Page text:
Studying abroad in Greece during election time


By Alexa DiBenedetto

Choosing to study abroad in Greece, one of the most economically and politically unstable countries in the European Union, was not a decision that many of my family and friends understood. However, I knew that no matter what the circumstances were, I was going to come here for the semester and experience it first hand. And it has been nothing short of my wildest expectations.

Everyone back home, especially my dad, warned me to stay away from any demonstrations, riots, and things of that nature. But when I got to Greece and started taking classes, my teachers told me to do the exact opposite.

They stressed the importance of witnessing these political phenomena as they were happening rather than on the news because there was no better way to learn about what was going on in Greek politics and economy than seeing it first hand.

Admittedly, I knew nothing about the intensity of the political situation that Greece was in before coming here. Through learning in class, going to see public demonstrations, riots, strikes and reading the news, I have learned a lot about the current state of affairs of Greece as a whole. For instance, after the May 2012 elections, no single party in Greece was able to win the majority of the votes for seats in Parliament, so a coalition government was the next solution. However, this failed to be created, so a new election was called for.

In June 2012, after a second general election, no party attained the majority, but a coalition was formed between the New Democracy and two other parties (one of which is its main historic rival).

This new government now has the difficult task of keeping the people of Greece happy while also following the mandates set forth by the EU to get the second half of their bailout package.

These mandates, primarily austerity measures, are widely disliked by the Greek people, which is the main cause of the strikes and demonstrations we see today. So while there is a lot of political and economic turbulence in Greece right now, I really only see its effects when I purposely place myself in the middle of the demonstrations, and would have no idea anything was going on if I wasn’t told about it beforehand.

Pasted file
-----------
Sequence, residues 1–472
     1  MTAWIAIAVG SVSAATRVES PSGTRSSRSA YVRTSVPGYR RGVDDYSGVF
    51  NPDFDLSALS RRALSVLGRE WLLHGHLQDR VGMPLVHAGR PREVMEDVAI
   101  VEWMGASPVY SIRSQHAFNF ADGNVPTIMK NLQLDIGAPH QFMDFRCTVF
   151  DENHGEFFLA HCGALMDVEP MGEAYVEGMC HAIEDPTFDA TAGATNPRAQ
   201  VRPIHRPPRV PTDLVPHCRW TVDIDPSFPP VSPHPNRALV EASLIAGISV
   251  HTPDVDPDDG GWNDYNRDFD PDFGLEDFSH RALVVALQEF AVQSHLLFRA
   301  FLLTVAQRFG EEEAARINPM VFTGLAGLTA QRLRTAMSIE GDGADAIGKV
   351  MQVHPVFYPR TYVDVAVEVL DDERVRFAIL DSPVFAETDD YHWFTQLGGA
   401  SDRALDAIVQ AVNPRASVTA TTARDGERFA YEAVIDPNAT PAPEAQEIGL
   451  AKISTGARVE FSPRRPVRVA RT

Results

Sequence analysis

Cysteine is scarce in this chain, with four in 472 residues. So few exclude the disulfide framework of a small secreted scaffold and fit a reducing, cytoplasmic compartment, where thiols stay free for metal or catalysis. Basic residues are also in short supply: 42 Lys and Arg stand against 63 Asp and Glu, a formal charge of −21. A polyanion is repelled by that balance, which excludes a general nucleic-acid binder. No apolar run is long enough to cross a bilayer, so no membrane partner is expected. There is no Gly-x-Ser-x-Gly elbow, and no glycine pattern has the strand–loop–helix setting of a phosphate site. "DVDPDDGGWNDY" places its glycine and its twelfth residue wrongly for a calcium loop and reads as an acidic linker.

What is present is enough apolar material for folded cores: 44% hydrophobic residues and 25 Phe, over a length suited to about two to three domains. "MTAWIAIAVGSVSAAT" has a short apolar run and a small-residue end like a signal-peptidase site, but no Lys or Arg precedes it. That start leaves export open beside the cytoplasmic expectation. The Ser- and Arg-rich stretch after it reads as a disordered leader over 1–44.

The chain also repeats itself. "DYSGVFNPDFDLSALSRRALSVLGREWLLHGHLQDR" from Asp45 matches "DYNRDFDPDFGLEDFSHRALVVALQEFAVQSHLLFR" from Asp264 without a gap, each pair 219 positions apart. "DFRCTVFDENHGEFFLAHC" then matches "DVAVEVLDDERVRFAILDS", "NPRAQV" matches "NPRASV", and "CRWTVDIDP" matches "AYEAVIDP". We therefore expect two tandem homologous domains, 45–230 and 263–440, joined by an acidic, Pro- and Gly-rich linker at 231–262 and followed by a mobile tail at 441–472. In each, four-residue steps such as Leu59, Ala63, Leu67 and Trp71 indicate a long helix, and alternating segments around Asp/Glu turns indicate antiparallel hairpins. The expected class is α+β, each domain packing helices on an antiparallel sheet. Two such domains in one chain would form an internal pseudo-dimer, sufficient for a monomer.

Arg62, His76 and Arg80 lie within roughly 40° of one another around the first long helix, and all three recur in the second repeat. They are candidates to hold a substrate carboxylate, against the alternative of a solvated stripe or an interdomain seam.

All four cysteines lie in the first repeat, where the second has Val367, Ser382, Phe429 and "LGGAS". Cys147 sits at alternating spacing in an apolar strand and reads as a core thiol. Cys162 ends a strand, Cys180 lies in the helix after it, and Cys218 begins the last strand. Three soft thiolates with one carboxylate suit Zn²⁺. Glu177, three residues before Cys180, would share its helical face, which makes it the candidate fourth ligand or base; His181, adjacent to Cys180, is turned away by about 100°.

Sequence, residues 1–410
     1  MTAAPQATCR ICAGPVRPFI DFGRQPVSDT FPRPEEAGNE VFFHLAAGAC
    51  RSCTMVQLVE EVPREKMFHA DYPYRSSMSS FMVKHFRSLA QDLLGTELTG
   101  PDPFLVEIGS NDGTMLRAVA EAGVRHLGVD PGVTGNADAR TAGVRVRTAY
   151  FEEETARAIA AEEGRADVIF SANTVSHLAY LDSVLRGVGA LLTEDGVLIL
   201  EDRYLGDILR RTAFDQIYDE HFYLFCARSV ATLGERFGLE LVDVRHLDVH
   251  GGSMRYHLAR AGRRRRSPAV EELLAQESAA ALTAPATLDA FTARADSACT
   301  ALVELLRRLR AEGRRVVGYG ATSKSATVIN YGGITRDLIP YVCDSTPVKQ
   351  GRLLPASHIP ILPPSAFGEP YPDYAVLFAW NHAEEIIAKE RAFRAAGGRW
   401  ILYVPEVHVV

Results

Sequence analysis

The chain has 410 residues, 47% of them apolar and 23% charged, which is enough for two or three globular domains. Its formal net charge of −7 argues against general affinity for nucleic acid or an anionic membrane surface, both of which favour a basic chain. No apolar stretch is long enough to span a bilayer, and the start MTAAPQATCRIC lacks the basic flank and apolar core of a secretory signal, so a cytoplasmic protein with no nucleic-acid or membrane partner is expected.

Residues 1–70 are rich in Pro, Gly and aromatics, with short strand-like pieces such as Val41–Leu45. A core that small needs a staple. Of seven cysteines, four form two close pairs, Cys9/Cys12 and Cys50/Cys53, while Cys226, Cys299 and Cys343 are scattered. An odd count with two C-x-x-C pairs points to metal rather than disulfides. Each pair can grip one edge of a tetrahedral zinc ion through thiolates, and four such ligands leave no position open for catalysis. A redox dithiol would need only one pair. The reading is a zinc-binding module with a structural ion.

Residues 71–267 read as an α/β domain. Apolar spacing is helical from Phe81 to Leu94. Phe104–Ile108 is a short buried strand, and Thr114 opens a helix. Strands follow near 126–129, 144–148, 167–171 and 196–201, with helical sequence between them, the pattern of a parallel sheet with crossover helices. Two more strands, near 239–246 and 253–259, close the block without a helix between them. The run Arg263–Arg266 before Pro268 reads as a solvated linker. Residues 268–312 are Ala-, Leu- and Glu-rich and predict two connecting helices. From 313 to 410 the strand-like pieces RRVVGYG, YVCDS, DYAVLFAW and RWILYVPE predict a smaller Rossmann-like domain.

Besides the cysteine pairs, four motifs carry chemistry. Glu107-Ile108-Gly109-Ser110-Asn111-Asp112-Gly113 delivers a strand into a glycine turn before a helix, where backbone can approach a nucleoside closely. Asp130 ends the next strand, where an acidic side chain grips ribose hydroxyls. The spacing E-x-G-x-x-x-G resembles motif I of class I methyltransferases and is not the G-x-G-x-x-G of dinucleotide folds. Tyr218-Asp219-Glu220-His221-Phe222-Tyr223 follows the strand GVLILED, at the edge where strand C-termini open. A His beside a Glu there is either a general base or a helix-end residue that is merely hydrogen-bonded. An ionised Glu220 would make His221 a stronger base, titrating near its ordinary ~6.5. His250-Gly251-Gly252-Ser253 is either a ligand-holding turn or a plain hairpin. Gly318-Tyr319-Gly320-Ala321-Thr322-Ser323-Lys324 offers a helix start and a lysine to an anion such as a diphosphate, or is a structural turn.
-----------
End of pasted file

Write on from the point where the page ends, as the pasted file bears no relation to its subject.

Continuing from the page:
Being in Greece right now also gives me the opportunity to experience U.S. politics as a foreigner. On a short bus ride to the beach in early September, the man collecting tickets, after hearing me speak in English, immediately asked me what my thoughts were on the upcoming elections in America.

After telling him what I thought, he proceeded to tell me how much he supported Obama and began listing off all of the specific policies that he favored and the flaws he saw in Mitt Romney’s strategies.

This was surprising to me, as most Americans barely even know this much information about the presidential candidates they intend on voting for. The man was so interested in the outcome of the November election and said he was following up on campaign news as often as he could.

Though he had never left Greece before, he had very distinct opinions about what would help our nation get through its own debt crisis. Walking around the city, I also notice that once people learn that you are from America, they immediately ask: “So do you like Obama?” While this is probably just their way of relating to Americans, having people ask me this always makes me feel like they respect and understand where I come from, and it makes me want to learn more about the politics of Greece to express my respect for their culture.

Overall, being in Greece while it is not only experiencing a political and economic crisis, but while America is on the verge of a history-making presidential election is a true hands-on learning experience that I will surely remember for the rest of my life.

The experiences I’ve had here so far, and the ones that I hope to have for the rest of my term here would not have been the same if the circumstances I am living through were different. Seeing these changes in Greece have educated me about the state of unrest not only in Greece, but in the United States as well.



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